Primary Prevention of Clostridium difficile Associated Diarrhea: Current Controversies and Future Tools

Zachary A Rubin*, Elise Martin and Paul Allyn

Division of Infectious Diseases, David Geffen School of Medicine at UCLA, Los Angeles, USA

*Corresponding Author:
Zachary A Rubin
Division of Infectious Diseases
David Geffen School of Medicine at UCLA
Los Angeles, USA
Tel: +13103194371
E-mail: [email protected]

Received Date: Mar 01, 2018; Accepted Date: Mar 15, 2018; Published Date: Mar 24, 2018

Citation: Rubin ZA, Martin E, Allyn P (2018) Primary Prevention of Clostridium difficile Associated Diarrhea: Current Controversies and Future Tools. J Med Microbiol Immunol Res 2:1.

Copyright: © 2018 Rubin ZA, et al. This is an open-access article distributed under the terms of the Creative Commons Attribution License, which permits unrestricted use, distribution, and reproduction in any medium, provided the original author and source are credited.



Clostridium difficile (CD) is a major cause of morbidity and mortality in hospitalized patients. Over the last decade, researchers have begun to reassess the traditional infection prevention model for this infection. Data suggesting a greater role for asymptomatic shedders has increased our understanding of current vertical prevention techniques and is forcing researchers to look more at new processes and technologies to decrease disease incidence. This review addresses current controversies in infection prevention for CD such as contact precautions, hand hygiene, environmental disinfection and diagnostic testing. The review also summarizes recent literature on promising new techniques like CD screening of asymptomatic carriers, supplemental environmental cleaning technologies, vaccines and the manipulation of the intestinal microbiome.


Clostridium difficile; Diarrhea; Current controversies; Prevention


Clostridium difficile (CD) is an anaerobic, spore-forming gram-negative bacillus that is ingested and causes a spectrum of diarrheal infections, most commonly in patients with perturbed intestinal microbiomes after antibiotic exposure. Clostridium difficile infections (CDI) are important causes of morbidity and mortality. A study of 10 geographical areas estimated the overall burden of CDIs in the United States as more than 80,000 cases and 29,000 associated deaths in the year 2011 alone [1]. Unfortunately, the high estimates in 2011 are the result of a steady increase in the incidence of CDI over the last two decades. From 2000 to 2010, mortality rates due to CDI roughly doubled in the adult and elderly populations in hospitals in the United States [2,3]. The emergence of a new, possibly more virulent strain of CD, the B1/NAP1/027 strain, may explain some of the increasing severity of CDI, though this association is still somewhat controversial [4-6]. Nevertheless, increasing CDI rates over the last decade are especially troubling when you consider the concerted effort and resources that public health providers and hospitals have already expended to prevent these infections [7-10].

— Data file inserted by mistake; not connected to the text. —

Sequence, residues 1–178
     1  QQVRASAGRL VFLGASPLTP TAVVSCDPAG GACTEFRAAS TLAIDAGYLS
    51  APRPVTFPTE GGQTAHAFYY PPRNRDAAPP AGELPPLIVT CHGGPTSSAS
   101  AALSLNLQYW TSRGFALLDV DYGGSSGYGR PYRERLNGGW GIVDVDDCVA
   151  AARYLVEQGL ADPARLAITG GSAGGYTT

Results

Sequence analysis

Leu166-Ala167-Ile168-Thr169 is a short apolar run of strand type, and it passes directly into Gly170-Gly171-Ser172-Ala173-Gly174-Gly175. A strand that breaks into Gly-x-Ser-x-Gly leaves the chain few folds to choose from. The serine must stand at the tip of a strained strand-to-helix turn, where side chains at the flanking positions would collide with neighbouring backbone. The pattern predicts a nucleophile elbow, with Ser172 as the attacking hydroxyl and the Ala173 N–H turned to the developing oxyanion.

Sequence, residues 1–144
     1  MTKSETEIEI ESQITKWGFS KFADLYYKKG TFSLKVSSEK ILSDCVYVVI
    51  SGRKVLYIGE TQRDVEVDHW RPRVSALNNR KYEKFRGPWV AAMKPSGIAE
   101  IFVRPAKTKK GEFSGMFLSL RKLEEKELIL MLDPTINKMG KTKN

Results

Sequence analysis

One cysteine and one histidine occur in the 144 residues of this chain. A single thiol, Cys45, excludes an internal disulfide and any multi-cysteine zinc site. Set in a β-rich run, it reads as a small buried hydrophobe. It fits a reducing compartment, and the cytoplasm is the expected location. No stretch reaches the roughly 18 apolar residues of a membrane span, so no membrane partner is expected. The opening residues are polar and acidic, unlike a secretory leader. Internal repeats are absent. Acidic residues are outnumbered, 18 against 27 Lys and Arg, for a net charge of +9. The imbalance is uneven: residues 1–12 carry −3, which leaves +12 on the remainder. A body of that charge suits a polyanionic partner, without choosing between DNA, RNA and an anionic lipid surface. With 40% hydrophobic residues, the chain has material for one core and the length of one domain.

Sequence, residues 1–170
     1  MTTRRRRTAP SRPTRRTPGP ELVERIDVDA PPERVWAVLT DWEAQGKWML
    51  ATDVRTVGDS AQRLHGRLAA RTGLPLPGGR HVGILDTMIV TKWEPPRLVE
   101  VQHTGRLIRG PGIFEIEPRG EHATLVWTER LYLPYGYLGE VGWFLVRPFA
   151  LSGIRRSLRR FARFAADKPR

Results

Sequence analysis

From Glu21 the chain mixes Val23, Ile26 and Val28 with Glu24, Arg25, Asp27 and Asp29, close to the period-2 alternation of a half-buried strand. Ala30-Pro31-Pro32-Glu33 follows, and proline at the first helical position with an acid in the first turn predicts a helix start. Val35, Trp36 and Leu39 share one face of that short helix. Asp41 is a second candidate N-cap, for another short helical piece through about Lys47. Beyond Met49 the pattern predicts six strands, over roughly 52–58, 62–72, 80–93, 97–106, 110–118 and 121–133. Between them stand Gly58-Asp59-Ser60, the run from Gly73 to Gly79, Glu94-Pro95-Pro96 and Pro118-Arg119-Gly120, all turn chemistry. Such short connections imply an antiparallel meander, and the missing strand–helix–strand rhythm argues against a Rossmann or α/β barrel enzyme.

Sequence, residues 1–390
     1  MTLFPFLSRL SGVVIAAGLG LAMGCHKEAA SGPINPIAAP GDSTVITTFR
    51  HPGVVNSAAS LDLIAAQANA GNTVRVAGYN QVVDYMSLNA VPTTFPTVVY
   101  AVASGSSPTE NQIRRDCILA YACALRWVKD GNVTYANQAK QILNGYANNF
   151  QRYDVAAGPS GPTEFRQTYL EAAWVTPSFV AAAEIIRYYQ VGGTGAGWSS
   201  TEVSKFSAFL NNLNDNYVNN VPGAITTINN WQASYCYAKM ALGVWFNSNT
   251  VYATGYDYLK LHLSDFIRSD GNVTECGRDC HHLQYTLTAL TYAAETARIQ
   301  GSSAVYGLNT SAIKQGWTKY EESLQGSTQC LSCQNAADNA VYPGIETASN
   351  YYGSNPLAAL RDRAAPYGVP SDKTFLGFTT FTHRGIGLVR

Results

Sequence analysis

In this review, authors searched the English language literature, emphasizing publications since 2012, aiming to outline some of the current controversies surrounding the prevention of CDI in the healthcare setting.

Current Controversies

Asymptomatic CD carriage and its impact on contact precautions

Traditional CDI prevention strategies have largely centered on the use of vertical infection control interventions, including identification of symptomatic CDI, prompt initiation of contact precautions, hand hygiene, and sporicidal environmental disinfectants. These interventions are outlined in national guidelines and widely employed by hospitals [8-10]. This approach is based largely on the assumption that most nosocomial transmission is due to shedding by symptomatic patients in healthcare facilities [11]. In this model, symptomatic patients with CDI shed large quantities of spores and vegetative bacteria into the environment. Interestingly, recent literature suggests that asymptomatic CD carriers may play a larger role than previously appreciated in the transmission of endemic CDI.